Kevin Durant’s return reignites Nets in rout of Hornets

Kevin Durant came back after being rested, and the Nets got back to looking like a contender. Funny how that works. No, the shorthanded Hornets aren’t of the same stature as the Eastern

Kevin Durant came back after being rested, and the Nets got back to looking like a contender. Funny how that works.

No, the shorthanded Hornets aren’t of the same stature as the Eastern Conference-leading 76ers, which the Nets lost to Wednesday, when Durant and Blake Griffin were held out. Nevertheless, the Nets stormed back from a slow start and ended up blowing out the Hornets 130-115 before 1,773 at Barclays Center.

Joe Harris poured in a team-high 26 points on 6-for-9 shooting from 3-point range. Durant added 25 points and 11 assists, while Landry Shamet scored 20 off the bench for the Nets (38-18).

The Nets handed the Hornets (27-28) a fourth straight defeat, shooting 55.3 percent overall and a white-hot 21-for-41 from deep, behind Shamet’s 6-for-11.

Kevin Durant dunks over Hornets forward Jalen McDaniels on Friday.
Corey Sipkin

“I think we have to be confident. I think we know what our goal is — we know what we’re striving for,” general manager Sean Marks said before the game. “I think during the same time, we need to be realistic about it and stay humble, and keep grinding. I mean, this season — as I mentioned before — this has been one where you never quite know what’s around the corner. And right when we think, OK here’s our roster, all of a sudden things change.

“There’s 30 other NBA teams going through very similar things to what we are with the pandemic and everything else. We have to stay flexible. But obviously, I like the roster. I love the talent on the team. Hopefully as soon as we get this group together, playing together and that continuity that [coach] Steve [Nash], and everyone else has talked about, getting them used to each other on the court, yeah, that’ll be key. And the sooner we can do that, the better obviously. And then we’ll see where it goes. You know, obviously, the remainder of the season and into the playoffs.”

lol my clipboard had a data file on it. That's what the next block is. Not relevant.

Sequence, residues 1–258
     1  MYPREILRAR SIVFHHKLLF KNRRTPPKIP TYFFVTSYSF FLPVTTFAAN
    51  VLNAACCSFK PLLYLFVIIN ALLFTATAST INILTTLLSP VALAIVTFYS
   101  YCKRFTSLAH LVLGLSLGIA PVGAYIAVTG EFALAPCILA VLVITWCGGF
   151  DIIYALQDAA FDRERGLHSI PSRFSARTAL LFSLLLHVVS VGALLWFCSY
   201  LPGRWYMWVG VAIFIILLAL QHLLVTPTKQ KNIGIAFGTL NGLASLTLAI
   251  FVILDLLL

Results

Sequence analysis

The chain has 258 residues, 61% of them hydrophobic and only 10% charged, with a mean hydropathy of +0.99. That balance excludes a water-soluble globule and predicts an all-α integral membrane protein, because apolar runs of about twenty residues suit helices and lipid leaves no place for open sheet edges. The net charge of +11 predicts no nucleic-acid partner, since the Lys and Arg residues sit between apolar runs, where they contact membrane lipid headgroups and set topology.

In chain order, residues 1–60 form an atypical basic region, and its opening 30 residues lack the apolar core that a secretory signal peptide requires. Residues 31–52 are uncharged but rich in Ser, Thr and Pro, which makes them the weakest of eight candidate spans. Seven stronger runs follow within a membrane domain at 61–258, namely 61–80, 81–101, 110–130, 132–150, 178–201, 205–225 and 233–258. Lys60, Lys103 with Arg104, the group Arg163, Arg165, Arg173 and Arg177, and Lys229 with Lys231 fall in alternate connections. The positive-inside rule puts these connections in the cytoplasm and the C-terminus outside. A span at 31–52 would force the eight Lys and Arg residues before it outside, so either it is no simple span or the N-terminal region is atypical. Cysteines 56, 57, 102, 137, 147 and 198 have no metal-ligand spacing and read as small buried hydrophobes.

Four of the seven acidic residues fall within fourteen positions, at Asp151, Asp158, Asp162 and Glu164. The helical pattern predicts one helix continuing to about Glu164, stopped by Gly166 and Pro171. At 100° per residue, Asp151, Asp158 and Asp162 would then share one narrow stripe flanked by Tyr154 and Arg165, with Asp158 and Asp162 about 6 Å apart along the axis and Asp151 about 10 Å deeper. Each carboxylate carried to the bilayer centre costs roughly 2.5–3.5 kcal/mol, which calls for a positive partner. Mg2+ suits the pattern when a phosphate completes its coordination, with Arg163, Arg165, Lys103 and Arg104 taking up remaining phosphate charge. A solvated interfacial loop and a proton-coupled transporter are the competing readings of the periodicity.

As shorthanded as the Nets have been, Charlotte is in dire straits, playing without LaMelo Ball, Gordon Hayward, Malik Monk and P.J. Washington.

Miles Bridges had a game-high 33 points for the Hornets and Terry Rozier shook off his knee tendinitis to add 27. But it wasn’t close to enough.

In the Nets’ only home game in a six-game stretch, they came out slow and put up no defensive resistance whatsoever to start, while the Hornets hit 12 of their first 15 shots. Bridges hit a 3-pointer to leave the Nets in a 27-13 hole with 4:56 left in the first, but falling behind by a couple of touchdowns may have woken them up.

When the Nets finally strung together at least a few stops, they turned the game. By the 4:59 mark in the second quarter, they had flipped the script to a four-point lead.

The Nets went on an extended 32-14 run that spanned the first and second quarters. They finally edged ahead 38-37 on a Harris’ 3-pointer, and it was 45-41 after a DeAndre Jordan running dunk.

The Nets held Charlotte to 5-for-23 shooting and four turnovers in that run. It was the only extended defense they played all night, but it was enough.

With the Nets still clinging to a tenuous 94-91 lead early in the fourth quarter, Harris helped blow it open. His four-point play stretched the lead to seven with 11:13 to play, and he got a friendly roll on another 3-pointer to pad it to 101-92.

From there, the Hornets gave up the ghost. The Nets ran away and extended it to 118-99 with 5:35 left on a 3 by Irving (12 points, six assists, four rebounds).

This story originally appeared on: NyPost - Author:Brian Lewis

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